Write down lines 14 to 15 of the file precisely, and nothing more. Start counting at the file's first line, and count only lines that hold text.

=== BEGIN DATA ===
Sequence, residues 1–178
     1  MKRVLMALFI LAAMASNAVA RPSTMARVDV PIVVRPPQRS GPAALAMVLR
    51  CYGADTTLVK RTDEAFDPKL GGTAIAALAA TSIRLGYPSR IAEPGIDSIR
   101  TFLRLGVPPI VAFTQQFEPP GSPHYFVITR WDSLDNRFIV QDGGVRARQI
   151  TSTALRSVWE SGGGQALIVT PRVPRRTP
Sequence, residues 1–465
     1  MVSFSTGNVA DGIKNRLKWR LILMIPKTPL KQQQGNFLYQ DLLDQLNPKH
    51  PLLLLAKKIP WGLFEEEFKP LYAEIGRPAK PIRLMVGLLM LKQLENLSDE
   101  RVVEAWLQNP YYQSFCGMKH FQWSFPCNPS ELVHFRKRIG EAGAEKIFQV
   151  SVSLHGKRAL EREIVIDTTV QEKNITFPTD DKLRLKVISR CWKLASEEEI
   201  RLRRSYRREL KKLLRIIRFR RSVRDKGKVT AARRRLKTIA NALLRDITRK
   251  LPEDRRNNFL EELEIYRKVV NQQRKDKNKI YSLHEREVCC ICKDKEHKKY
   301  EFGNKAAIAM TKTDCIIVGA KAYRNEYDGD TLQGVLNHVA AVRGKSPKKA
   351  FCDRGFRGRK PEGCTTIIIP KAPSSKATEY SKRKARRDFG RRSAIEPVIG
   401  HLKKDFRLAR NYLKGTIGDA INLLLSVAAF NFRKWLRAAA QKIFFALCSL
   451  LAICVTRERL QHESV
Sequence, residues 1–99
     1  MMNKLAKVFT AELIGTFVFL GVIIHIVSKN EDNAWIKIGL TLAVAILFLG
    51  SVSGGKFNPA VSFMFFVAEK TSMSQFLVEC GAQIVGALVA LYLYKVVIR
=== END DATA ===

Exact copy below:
   351  FCDRGFRGRK PEGCTTIIIP KAPSSKATEY SKRKARRDFG RRSAIEPVIG
   401  HLKKDFRLAR NYLKGTIGDA INLLLSVAAF NFRKWLRAAA QKIFFALCSL